Is it true that we should stop buying Palo Santo?

In recent times, more and more people have adopted the habit of burning palo santo, a sacred tree whose essential oils grant multiple benefits on a spiritual and physical level: from balancing energies, to purifying environments and relaxing the mind during meditation.

However, most do not know the true history of this tree, used by indigenous communities of South America (Brazil, Argentina, Paraguay, Bolivia, Ecuador and Peru). Traditionally, the shamans of the communities used sticks of holy stick to clean and purify environments against evil spirits, bad vibes and negative forces.

In addition, it has many therapeutic benefits. It is highly medicinal and healing: originally, the only way to get all of its benefits was to let the tree die naturally and may he rest for 4 to 10 years in the forest. The best quality oils, which are formed in aged wood, were used in sacred and healing ceremonies in local communities.

However, as a result of the fact that more and more people burn holy stick, most of the time their oils are not achieved in this way. Trees are cut down without any conscience. According to the medicinal plant conservation organization, United Plant Savers, there are less than 250 mature and wild Palo Santo trees, and this number is rapidly decreasing. Because, Maybe it's time to reduce your consumption.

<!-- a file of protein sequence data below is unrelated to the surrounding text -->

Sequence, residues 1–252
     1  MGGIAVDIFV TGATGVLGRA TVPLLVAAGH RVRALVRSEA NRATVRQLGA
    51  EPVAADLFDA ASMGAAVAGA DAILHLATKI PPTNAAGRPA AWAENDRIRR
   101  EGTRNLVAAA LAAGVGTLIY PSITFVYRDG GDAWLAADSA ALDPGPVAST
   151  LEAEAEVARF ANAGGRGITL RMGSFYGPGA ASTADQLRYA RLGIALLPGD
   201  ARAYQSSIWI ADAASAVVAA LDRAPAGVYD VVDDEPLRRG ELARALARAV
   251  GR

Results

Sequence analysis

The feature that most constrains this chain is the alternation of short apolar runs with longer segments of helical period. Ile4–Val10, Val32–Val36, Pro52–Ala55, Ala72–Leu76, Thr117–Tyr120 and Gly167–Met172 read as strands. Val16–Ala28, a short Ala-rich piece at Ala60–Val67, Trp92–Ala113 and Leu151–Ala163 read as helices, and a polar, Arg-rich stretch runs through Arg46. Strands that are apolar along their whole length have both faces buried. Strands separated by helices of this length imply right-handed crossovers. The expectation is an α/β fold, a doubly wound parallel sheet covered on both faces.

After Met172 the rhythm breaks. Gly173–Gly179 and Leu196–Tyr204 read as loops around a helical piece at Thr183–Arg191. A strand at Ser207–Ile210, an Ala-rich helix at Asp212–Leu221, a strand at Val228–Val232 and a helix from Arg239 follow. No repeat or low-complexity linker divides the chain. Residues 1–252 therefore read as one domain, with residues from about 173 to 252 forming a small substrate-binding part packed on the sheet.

In addition, the International Union of Conservation of Nature (IUCN by its name in English) has added it to its list as an endangered species.

A> cultural appropriation. The term applies when, when using elements of a culture, its original meaning is lost or distorted and people belonging to the respective cultures can see these acts as disrespectful.

So, when we buy it from commercial sellers we are not getting its benefits many times, since the trees are cut down and the oils are not taken from trees that died naturally), but it can also be seen that we are taking a rite or custom of a culture without have the respect and care they deserve. However, there are some brands that do a respectful and sustainable job, both with the environment, as with indigenous cultures.

How to replace it?

There are some natural herbs that you can use to replace the holy stick. You can even grow them! In any case, make sure they are varieties that are native to where you live.

Some alternatives are: juniper, sagebrush, verbena, European sage, pine, rosemary, dill and mint.

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